Chinese Credit Card Repayment Company Samoyed Cancels US IPO Due to ‘Unfavourable Market Conditions’

The raging trade war between the United States and China is something that is almost always going to be on the background of any business deals that might be taking place, which involves entities in either nation. In a new development, Chinese Fintech company Samoyed Holdings Limited has decided to withdraw its initial public offering that was going to take place in the United States. Although nothing in the statement released by the company suggests that the pullout was due to the trade war, it stated that it had decided to withdraw due to ‘unfavorable market conditions.’

The United States has been a highly popular destination for IPOs for companies in China and over the years, plenty of tech companies have managed to raise considerable amounts of capital. In its statement, Samoyed stated, “The company has determined not to pursue the sale of the securities covered by the Registration Statement at this time due to unfavorable market conditions.” The company’s product is engaged in the credit card prepayment space and has been in operation since 2015. During this period, it has managed to grow considerably and perhaps the time was right for the company to go for an IPO in the United States.

It was in 2018 that Samoyed had decided to file for its IPO and aimed to raise a total of $80 million from the market. It had engaged the services of both Morgan Stanley and Deutsche Bank for its purposes. The company’s prospects are thought to be promising because credit cards are still not as prevalent in China yet and hence, there is the possibility of hyper-growth in the years to come. If Samoyed can further fine-tune its product and make it better, then there is no reason why its innovative products would not find the market among millennials in China. In its IPO prospectus, the company said as much and went on to say that the younger population in the country remains its biggest target currently. “Unlike in the U.S., credit card penetration in China is still comparatively low, making credit-proven millennials who already have established a credit history with banks a cohort with prime credit quality and low delinquency rates.” Although the cancellation of the IPO will come as a disappointment for some of its early investors, the company has not categorically ruled out a US IPO in the future.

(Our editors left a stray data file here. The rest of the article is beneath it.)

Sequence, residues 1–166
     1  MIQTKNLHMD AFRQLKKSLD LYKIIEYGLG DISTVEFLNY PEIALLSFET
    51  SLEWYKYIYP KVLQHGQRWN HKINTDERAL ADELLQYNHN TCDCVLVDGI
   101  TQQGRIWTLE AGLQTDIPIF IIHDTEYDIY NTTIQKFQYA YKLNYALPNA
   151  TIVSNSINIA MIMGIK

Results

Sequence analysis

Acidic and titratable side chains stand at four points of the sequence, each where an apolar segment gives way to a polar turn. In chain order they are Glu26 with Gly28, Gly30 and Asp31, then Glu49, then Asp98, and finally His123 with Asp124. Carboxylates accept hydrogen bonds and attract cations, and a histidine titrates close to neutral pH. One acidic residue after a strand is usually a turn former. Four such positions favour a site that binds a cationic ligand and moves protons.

Jodie Miller

Jodie Miller is experienced journalist. She holds double degree in journalism and communication. She joined our team as a content curator. She enjoys writing and curating contents related to finance and forex world.

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